The Salem witchcraft, The planchette mystery, and Modern spiritualism

March 13, 2013

Some time ago I worked on a few pages of  The Salem witchcraft, The planchette mystery, and Modern spiritualism, a collection of articles reprinted by the Phrenological Journal.

It got me intrigued, so when I was notified the other week that it was available for smooth reading, I downloaded it.

The book contains three articles, as indicated in the title. The first article: The Salem Witchcraft, was what got me so intrigued back then. I had heard of the Salem witches, but never actually knew what happened there, so this was my chance to find out.

The article is a review of the work of Charles W. Upham. I think it is adequate to say that it is a summary of his work, although I am not (yet) familiar with his books.

The article neatly describes what happened in Salem in the 17th Century, tries to explain how and why things took the dreadful course they took. If you are curious to get the whole picture, you are in luck, because you can find Upham’s work on Project Gutenberg, too:

Salem witchcraft; with an account of Salem village and a history of opinions on witchcraft and kindred subjects. Volume 1 and 2

and

Salem Witchcraft and Cotton Mather

But back to the article: it certainly gives you a very good idea of the people, the circumstances and the goings on in Salem and surrounding areas. You can use it as an introduction to the Upham books, or as a good overview if you don’t have the time or inclination to go into too much detail. It certainly left me counting my lucky stars that I didn’t live there and then.

The Planchette

The planchette mystery had me in stitches. It was a welcome distraction after the Salem horrors.

The author tries to lift the mystery of the Planchette. If, like me, you don’t know what a Planchette is, you’ll be a lot wiser by the end of the article. I got to know where it got its name, what it does, even how to use it.

The author of the articles goes to great lengths to show the flaws in theories which don’t fit his conviction, demanding proof of them, while at the same time failing to give a single proof himself.

However, he lists lots of examples of the wondrous results when using a planchette. It must indeed be a tiny miracle. You can have a nearly philosophical discussion with it, and it will answer you (well, it answered the author) in intelligible sentences up to 300 words of length. Go figure. I want a planchette now.

The article about Modern Spiritualism, written by Harriet Beecher Stowe of  Uncle Tom’s Cabin fame, rounds the book off. Mrs Beecher Stowe is a devout Christian and as such has a word or two to say about spiritualism. She laments that the churches don’t go back to their roots and have no comfort to offer, thus involuntarily helping bereft people to search solace in spiritualism. She compares the beliefs and traditions of the primitive Christians of the beginning of Christianity with the Christians of the (her) present day and shows how spiritualism wouldn’t stand a chance if only people still knew that there were angels, Satan and miracles, as Jesus and the Apostles knew. Nobody would ever have to lament a beloved one who died because … but read for yourself.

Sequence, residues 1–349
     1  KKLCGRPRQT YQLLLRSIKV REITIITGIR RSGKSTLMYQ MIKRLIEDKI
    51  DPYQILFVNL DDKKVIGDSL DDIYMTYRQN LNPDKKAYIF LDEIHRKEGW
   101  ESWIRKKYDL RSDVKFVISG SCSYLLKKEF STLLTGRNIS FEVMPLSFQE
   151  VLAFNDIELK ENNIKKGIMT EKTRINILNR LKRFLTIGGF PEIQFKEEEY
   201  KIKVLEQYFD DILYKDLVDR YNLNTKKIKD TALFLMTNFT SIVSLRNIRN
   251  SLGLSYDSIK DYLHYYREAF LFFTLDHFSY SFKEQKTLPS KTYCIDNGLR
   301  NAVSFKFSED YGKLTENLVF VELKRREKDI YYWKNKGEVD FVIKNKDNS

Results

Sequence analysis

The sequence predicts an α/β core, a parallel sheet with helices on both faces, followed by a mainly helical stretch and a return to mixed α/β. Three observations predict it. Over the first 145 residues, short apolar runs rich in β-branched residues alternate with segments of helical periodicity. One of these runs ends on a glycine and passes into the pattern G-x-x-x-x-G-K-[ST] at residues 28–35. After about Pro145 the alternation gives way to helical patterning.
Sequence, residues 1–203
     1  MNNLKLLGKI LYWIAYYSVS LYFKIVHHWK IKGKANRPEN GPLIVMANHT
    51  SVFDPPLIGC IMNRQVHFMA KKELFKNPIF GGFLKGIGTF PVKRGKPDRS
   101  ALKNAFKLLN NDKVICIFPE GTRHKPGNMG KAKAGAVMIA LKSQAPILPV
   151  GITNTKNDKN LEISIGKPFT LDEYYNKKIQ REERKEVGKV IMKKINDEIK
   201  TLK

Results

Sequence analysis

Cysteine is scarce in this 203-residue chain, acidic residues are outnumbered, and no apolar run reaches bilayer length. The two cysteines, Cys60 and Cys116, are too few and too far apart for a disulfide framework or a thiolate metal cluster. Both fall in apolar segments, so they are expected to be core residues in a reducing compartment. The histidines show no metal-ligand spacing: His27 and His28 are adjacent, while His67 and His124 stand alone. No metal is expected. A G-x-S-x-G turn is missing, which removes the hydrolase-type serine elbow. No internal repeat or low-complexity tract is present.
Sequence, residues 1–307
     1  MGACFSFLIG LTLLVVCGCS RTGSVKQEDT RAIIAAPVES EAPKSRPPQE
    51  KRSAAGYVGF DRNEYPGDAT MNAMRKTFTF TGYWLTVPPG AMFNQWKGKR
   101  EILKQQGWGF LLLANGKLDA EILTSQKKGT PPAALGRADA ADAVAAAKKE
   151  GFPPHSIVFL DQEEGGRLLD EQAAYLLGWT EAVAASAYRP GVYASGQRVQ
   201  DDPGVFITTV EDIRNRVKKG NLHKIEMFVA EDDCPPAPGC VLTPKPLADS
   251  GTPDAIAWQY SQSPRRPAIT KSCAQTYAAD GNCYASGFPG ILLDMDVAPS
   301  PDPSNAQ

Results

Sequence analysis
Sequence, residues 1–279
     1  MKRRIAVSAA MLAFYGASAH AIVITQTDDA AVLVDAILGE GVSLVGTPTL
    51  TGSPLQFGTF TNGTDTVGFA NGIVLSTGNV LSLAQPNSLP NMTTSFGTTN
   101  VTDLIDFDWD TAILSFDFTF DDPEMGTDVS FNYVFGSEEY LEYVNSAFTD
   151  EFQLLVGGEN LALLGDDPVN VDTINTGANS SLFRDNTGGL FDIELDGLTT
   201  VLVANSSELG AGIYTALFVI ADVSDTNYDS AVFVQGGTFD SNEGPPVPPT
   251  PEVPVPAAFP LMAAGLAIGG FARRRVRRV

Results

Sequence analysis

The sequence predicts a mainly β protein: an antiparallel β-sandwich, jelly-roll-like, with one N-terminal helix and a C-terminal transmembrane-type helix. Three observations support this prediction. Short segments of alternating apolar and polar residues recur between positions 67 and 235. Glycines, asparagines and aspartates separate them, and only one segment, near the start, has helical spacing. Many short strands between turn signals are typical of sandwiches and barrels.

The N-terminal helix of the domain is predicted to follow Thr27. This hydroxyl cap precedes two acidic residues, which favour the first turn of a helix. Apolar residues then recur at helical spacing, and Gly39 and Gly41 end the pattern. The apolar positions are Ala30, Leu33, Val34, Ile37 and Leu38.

At first, I thought it was an odd compilation of articles, but on second thoughts I realised the ingenuity of it.

You have one example for the horrors caused by overzealous Christians; one example glorifying phrenology and mesmerism, and one condemning spiritualism and promoting Christianity. All of the phenomena discussed in the book above have one common denominator:

They have no proof.


Join the Smooothathon!

October 1, 2012

It is 12 years today since Distributed Proofreaders started producing quality e-books. During this time more than 23,500 e-books were sent off to Project Gutenberg for the world to read. This calls for some celebration—and what would be a better way to celebrate than to read the books we produce? This is what the Smooothathon is all about. Smooothathon is short for Smooth Reading Marathon—the extra “o” is for the extra smoothness. Like a marathon, it is a challenge—not an individual challenge, but a community challenge: to collectively read as many books as possible. So, like the famous runner in ancient Greece who ran 42 kilometers from Marathon to Athens, the Smooothathon will run for 42 days, from the first of October till November the eleventh, inclusive. This means we are going to read for 42 days!

“How can I take part in the Smooothathon?” you ask? Well, that is easy: Just grab a book from the Smooth Reading Pool and read away. You can read any way you like—on your computer screen, on your e-reader or tablet, or printed on paper. You can read while relaxing with some tea or a cup of hot chocolate, while sitting in the sun on the last warm days of fall or the first warm days of spring—any way you like, any way you enjoy, since enjoyment is what it should be.

Books galore

Lots of books to choose from  by heipei (contact)

There surely are some interesting or fun books to read for you too. Usually there are about 60 to 70 books in the Smooth Reading Pool, covering a wide range of genres, from fiction to poetry to non-fiction, as well as a variety of languages. And new books are being added every day!

This sounds like fun but you are not a member of Distributed Proofreaders? You can join the Smooothathon as well—anyone can read the books in the Smooth Reading Pool. However, if you register with Distributed Proofreaders, you can tell us more easily which books you have read and take part in the Smooothathon discussion on the forum. And you can inform us of any possible errors you find in the books to get them fixed before they are posted to Project Gutenberg. (The Smooth Reading FAQ explains how this is done.)

So grab a book to join the fun, and enjoy the Smooothathon!


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